Month: October, 2012

The 12: Connecting

Step 11: Connecting

Writer’s Rehab

The purpose of Step 11 is to discover the plan ‘writing’, as I understand it, has for my life.

Connecting and fully understanding  my purpose for writing has been a challenge for me.  It has been the means of my own personal growth and discovery.  As long as I’m alive, I will write.  I will express my thoughts and feelings through text.  I will create and share stories, and serve others through my words.  Interestingly, because I truly wanted to quit my ‘addiction’ when I began this experiment, the purpose of ‘writing’, which has been so integral in my life, has been a bit illusive.  In my formative years, I wrote for the pure joy of it because I didn’t have to think of it as a career.  In my later years, my conscious effort to write was simply a means to an end.  During my ‘starving artist’ period it became a vehicle for self-expression.  And now it has become a ‘product’ of service to others.  Going forward, being a writer is and has always been a discipline of my choosing.  The direction of my career is also my choosing– For me, quitting ‘being a writer’ would mean I’m a failure.

The pieces and projects I’ve worked on were only the beginning of the greatness ahead of me.  And it is a long continuous journey I’m ready for.   And although my past projects may not have found the success I wanted for them, I love them just the same.  If I believe my ‘next’ project will always be my best project, I will keep moving towards success.  Through writing, a higher power speaks to me, and I simply do the best I can to capture the miracle.  This is the hardest part of the craft of writing.  However, it is when I am still, when I am silent, when I am quiet, I can capture the words.  My writing habits have changed over the weeks, but there remains an unseen compelling force pushing me to continue.  And although my continued purpose of writing may not be in blog form, it will no doubt be a means to an end that not only expresses my thoughts and feelings, but also serves others.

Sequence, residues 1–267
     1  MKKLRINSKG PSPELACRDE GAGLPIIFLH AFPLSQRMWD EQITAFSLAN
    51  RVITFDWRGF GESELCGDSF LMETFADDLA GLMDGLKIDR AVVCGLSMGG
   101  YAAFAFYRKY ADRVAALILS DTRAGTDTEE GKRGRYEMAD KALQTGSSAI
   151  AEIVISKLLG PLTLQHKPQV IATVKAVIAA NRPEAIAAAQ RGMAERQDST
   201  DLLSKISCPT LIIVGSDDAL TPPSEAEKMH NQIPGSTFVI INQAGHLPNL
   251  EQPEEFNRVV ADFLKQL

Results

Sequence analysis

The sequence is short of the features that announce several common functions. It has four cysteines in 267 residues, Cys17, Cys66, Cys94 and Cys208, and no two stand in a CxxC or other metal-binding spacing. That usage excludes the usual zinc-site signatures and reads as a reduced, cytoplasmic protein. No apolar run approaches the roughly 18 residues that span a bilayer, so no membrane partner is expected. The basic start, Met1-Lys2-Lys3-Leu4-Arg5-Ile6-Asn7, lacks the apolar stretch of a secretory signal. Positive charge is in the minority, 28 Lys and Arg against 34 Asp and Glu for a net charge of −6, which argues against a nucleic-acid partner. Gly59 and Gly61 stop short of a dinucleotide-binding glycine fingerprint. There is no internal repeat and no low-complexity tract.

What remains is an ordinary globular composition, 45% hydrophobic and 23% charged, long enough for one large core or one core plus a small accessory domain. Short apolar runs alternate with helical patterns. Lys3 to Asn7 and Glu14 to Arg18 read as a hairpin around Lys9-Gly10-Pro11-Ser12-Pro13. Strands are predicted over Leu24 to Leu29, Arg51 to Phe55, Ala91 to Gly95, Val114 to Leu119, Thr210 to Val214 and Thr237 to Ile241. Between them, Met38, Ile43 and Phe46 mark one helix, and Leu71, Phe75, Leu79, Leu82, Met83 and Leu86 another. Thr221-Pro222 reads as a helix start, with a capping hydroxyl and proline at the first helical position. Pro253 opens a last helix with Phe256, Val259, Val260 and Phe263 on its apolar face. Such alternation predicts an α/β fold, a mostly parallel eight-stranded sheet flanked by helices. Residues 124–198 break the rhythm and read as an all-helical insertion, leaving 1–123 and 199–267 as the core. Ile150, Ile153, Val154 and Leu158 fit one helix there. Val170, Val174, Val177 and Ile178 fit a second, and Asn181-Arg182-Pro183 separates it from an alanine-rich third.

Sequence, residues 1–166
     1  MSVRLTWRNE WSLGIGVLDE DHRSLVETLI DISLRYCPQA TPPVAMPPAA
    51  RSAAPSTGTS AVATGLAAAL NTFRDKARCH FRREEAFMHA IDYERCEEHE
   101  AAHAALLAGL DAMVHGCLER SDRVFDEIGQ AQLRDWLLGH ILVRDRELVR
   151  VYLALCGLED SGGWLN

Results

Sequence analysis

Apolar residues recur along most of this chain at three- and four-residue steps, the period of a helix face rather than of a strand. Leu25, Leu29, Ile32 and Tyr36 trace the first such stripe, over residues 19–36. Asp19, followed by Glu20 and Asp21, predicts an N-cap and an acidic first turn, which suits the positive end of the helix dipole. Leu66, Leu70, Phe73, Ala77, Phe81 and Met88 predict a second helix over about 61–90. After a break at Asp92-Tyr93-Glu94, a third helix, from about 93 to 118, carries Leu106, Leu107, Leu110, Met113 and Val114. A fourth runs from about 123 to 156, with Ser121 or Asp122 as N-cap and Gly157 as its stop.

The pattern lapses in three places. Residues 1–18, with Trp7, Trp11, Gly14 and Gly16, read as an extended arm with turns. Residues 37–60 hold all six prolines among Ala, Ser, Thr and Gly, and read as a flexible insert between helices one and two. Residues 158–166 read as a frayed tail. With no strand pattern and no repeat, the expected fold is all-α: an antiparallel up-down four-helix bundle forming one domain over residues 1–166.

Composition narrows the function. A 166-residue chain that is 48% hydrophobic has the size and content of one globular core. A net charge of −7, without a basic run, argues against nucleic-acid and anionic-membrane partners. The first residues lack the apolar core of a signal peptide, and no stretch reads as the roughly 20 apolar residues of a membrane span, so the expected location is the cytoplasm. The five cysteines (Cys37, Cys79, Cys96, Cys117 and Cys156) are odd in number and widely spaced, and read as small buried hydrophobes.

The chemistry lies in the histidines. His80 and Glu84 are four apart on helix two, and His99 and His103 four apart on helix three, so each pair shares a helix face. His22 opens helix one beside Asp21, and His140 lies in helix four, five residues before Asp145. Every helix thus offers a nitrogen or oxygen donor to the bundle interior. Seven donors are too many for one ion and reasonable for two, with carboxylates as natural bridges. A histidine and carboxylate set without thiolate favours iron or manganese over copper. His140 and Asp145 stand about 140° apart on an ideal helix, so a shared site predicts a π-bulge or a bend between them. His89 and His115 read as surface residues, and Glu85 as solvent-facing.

The 12: Maintenance

Step 10: Maintenance

Writer’s Rehab

Nobody likes to admit to being wrong. But it is absolutely necessary to maintain progress in recovery.

Admitting when I’m wrong has been an experience that has taken me from one end of my spectrum to the other.  My soul searching list in step 4, listed my ‘sins’ of the craft of writing. And in the attempt to gain balance I must acknowledge the virtuousness within my craft.  This list will help to identify what’s ‘write’.

Humility— Maintain a realistic sense of my accomplishment without attachments to the outcome or labels; keep a healthy perspective towards writing.

Temperance— Setting aside time to write is important because it is time for myself.  This sacred time must be treated with respect and not wasted.  I most be mindful of moderating my time spent writing and time spent with others.

Charity— I must remove the thoughts that the work must be perfect and love it as it is– celebrate the manifestation of the idea, and the sharing of it with others.  The material possessions gained from the work are secondary to connecting with others.

Diligence— Continuing to work from a spiritual place allows the work to grow more naturally.   And although there will be times I don’t feel like writing, I won’t give up on myself.  I will proceed with faith and continue putting words on pages.